Genetic Databases: Mining

Abstract

The exhausting pace at which new genomic sequences are deposited with the databanks makes it essential to put efficient retrieval systems at the scientific community's disposal. Entrez and SRS are two such programs, freely accessible from the Web, that enable powerful simple and Boolean queries.

Keywords: sequence; databases; retrieval; entrez; SRS

Figure 1.

Screenshot of an Entrez query showing how to use the ‘Preview’ item in order to add terms in a query and perform Boolean searches.

Figure 2.

Screenshot of a Sequence Retrieval System (SRS) ‘simple query’: here all the ABC transporter sequences from human and mouse in the European Molecular Biology Laboratory (EMBL) databank were requested.

Figure 3.

Screenshot of an SRS ‘extended query’, showing that various items can be selected from the Feature table.

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References

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Further Reading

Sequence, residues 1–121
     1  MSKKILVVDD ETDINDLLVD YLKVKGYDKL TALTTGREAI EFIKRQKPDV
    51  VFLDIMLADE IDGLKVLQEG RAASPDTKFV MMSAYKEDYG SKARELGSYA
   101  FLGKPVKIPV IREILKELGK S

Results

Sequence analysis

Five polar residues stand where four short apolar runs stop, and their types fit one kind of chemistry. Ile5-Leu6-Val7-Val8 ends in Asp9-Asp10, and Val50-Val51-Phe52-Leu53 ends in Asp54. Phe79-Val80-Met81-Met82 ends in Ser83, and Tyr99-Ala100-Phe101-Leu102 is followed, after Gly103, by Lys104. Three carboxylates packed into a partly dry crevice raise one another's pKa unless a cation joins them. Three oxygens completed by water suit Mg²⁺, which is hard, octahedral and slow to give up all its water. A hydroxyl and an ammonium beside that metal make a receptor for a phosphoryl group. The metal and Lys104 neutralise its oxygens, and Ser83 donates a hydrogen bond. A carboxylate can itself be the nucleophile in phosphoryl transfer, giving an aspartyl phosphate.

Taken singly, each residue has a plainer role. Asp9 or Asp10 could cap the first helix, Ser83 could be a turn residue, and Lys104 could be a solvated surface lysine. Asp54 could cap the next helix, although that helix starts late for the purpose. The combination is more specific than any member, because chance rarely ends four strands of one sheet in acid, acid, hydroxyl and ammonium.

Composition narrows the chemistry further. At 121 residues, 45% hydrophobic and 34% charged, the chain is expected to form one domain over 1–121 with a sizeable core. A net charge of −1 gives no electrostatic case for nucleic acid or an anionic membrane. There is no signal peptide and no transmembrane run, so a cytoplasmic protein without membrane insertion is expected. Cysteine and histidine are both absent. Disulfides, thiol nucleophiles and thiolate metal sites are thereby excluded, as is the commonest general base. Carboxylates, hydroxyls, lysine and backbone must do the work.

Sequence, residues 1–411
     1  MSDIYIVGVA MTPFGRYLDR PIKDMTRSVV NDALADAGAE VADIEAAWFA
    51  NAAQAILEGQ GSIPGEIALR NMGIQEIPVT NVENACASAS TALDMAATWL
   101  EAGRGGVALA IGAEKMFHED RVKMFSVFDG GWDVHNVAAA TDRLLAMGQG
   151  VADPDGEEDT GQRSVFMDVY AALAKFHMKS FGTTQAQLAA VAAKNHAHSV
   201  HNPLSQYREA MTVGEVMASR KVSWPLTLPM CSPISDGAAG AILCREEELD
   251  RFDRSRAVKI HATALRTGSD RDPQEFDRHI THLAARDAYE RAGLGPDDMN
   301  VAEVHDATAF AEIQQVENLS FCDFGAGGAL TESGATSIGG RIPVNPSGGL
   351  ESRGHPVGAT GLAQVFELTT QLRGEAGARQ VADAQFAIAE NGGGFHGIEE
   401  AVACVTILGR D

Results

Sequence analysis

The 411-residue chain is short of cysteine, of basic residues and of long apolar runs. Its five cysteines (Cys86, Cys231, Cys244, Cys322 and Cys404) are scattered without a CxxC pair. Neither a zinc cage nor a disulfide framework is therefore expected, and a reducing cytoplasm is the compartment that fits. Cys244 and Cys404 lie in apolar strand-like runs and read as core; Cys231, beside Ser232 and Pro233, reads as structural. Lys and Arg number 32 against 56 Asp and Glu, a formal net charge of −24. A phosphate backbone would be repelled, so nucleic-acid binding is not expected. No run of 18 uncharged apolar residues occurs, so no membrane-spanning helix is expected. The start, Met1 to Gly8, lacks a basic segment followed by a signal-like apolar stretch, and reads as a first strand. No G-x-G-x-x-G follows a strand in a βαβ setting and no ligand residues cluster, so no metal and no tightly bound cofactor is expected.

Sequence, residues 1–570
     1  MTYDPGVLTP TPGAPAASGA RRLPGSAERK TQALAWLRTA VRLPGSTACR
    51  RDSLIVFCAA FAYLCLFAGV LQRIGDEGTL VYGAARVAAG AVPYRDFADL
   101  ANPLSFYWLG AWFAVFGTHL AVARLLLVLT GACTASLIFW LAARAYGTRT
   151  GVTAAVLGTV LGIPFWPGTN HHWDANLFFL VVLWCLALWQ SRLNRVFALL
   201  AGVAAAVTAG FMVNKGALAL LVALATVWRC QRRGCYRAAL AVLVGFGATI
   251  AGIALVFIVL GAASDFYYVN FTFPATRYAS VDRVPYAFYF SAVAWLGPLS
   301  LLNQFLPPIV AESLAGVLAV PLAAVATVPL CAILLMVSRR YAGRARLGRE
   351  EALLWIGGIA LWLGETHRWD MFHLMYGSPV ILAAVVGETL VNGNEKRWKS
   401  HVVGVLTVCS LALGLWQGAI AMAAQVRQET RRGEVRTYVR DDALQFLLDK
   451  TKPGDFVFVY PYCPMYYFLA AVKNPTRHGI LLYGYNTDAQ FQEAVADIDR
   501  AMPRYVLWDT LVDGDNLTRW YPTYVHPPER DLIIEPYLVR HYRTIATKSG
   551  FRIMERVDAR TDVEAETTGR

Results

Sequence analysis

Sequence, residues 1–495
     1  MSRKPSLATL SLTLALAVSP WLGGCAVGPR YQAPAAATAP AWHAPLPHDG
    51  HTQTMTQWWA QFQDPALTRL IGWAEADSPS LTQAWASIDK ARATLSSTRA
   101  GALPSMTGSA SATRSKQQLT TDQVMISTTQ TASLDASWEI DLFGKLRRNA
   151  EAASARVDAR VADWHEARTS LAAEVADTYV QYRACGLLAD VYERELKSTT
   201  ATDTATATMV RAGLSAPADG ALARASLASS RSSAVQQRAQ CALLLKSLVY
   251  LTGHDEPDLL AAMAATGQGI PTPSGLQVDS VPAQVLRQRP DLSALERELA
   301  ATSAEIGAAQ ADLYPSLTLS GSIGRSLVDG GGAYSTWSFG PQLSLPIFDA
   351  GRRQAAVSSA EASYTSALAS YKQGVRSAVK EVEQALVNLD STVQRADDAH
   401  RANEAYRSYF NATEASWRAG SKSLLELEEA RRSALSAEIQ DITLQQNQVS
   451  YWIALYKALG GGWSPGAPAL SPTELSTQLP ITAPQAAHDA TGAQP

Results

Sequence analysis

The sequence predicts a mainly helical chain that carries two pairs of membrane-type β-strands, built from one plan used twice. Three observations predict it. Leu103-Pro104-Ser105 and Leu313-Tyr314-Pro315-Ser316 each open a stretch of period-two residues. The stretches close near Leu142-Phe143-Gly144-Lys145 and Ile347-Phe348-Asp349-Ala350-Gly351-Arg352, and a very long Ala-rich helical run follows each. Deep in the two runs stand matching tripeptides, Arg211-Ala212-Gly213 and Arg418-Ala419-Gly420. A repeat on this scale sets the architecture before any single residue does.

Database Issue. Nucleic Acids Research. [The first issue each January is a special volume on databanks.]

Putnam NC (1998) Searching MEDLINE free on the Internet using the National Library of Medicine's PubMed. Clinical Excellence for Nurse Practitioners 2: 314–316.

Samson C (2000) Database searching with DNA and protein sequences: an introduction. Briefings in Bioinformatics 1: 22–32.

The Gene Ontology Consortium (2000) Gene ontology: tool for the unification of biology. Nature Genetics 25: 25–29.

The Gene Ontology Consortium (2001) Creating the gene ontology resource: design and implementation. Genome Research 11: 1425–1433.

Web Links

European Bioinformatics Institute (EBI) http://www.ebi.ac.uk

Entrez the query system at NCBI http://www.ncbi.nlm.nih.gov/Entrez

International Nucleotide Sequence Database (INSD) http://www.ncbi.nlm.nih.gov/collab

SRS the query system at EBI http://srs.ebi.ac.uk

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How to Cite close
Risler, Jean‐Loup, and Louis, Alexandra(Sep 2005) Genetic Databases: Mining. In: eLS. John Wiley & Sons Ltd, Chichester. http://www.els.net [doi: 10.1038/npg.els.0005313]